Feeding goes well when parents are able to do their jobs with feeding and trust their child to do their jobs with eating. The same as all other children, your patient was born with the drive to eat and with positive feelings about eating. However, from the first they may not have eaten what or as much as their parents expected. They may have shown typically skeptical and erratic child eating behavior or they may have been particularly slow to warm up to new food. They may have been ill, have been especially sensitive to smell, texture, or taste, or their oral sensitivity and caution may have been exacerbated by neurodivergence.

Parents, in turn, likely reacted to the child’s slowness in accepting new food by putting pressure on feeding. Such reactions were perhaps exacerbated by the child’s real or perceived fragility and by counterproductive advice from others.

The child reacted to the feeding pressure and their natural inclinations to eat were impaired. Shame enters: The child who can’t do and be what the parent wants feels ashamed, not angry with their parents. As they grow up, outside pressure on eating morphs into inside pressure: The person suffering from extreme food selectivity does to themselves what adults did to them: They pressure themselves to eat and shame themselves for not eating.

Treat the feelings and attitudes; don’t try to get them to eat

Because adult picky eaters are so self-critical about eating their few familiar foods, they often “eat without eating.” They may eat only when hunger drives them to it and then distract themselves by reading or watching TV. As a consequence, the first step in treatment is to help them resolve their conflict and anxiety about eating. Teach them to make time to eat and use permission/awareness self-talk: “It’s all right to eat this. I just have to pay attention.”

After that, they can learn social skills for eating with others. It is okay to pick and choose from what is on the table, to decline to be served, to take moderate portions, to eat only one or two food items, to leave unwanted food on the plate, and to take more of one food without finishing another. It is not okay to draw attention to food refusal, criticize food, ask for food that is not on the menu, or to take a lot of food and then not eat it.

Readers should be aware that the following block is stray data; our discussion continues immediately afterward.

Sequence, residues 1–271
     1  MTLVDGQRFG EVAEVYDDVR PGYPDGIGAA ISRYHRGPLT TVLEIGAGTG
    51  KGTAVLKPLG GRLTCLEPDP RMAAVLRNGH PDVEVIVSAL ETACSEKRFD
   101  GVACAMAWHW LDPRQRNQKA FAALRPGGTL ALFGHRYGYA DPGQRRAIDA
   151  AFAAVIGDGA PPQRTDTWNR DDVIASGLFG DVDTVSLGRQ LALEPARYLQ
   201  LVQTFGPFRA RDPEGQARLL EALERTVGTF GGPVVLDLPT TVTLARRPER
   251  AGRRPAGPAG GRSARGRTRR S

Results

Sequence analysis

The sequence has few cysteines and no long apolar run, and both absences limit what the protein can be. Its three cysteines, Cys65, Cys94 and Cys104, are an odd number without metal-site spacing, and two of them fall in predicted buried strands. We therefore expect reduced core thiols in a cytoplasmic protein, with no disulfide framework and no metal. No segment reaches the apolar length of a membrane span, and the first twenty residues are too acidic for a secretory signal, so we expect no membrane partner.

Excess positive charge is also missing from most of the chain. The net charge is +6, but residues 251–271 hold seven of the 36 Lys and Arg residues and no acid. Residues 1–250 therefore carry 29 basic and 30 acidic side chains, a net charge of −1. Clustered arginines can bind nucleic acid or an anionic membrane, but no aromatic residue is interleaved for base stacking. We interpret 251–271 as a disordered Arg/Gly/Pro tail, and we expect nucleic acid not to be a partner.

Increasing food variety will come last if it comes at all. Does your patient want to eat new food, or do they want to want to? They might ever-so-gradually learn to eat new food—or they might not. In either case, they do not have to be miserable about their eating.

The continuum of food selectivity

Not every food-selective adult requires the detailed assessment and treatment described in this article. Some are simply picky and can often bring themselves along after a single session with you. They can work on their own by applying the step-by-step guidelines in Feeding Yourself with Love and Good Sense. You can tell after a few weeks or months if they are progressing toward eating with comfort and joy. If not, you can recommend the treatment described here.



Step-by-step guidance for becoming Eating Competent

Being Eating Competent works. Patty stopped being ashamed that she ate only a few foods. Instead of criticizing herself for eating from a short list, she learned to say to herself, “It’s all right to eat this, I just have to pay attention.” When others criticized her for eating so few foods, Patty found the courage to ask, “Why would you make an issue of what I eat?” Once she got the pressure off herself, Patty likely learned to eat a few more foods. But maybe she didn’t. That’s not the point. Even people who struggle with weight, have trouble eating “healthy,” or are challenged by diabetes or food allergies do not have to be tied to lists of food.

Ellyn Satter’s Secrets of Feeding a Healthy Family says the secret of raising a healthy eater is to love good food, enjoy eating, and share that love and enjoyment with your child. When the joy goes out of eating, nutrition suffers. 

Family Meals Focus ~ No. 19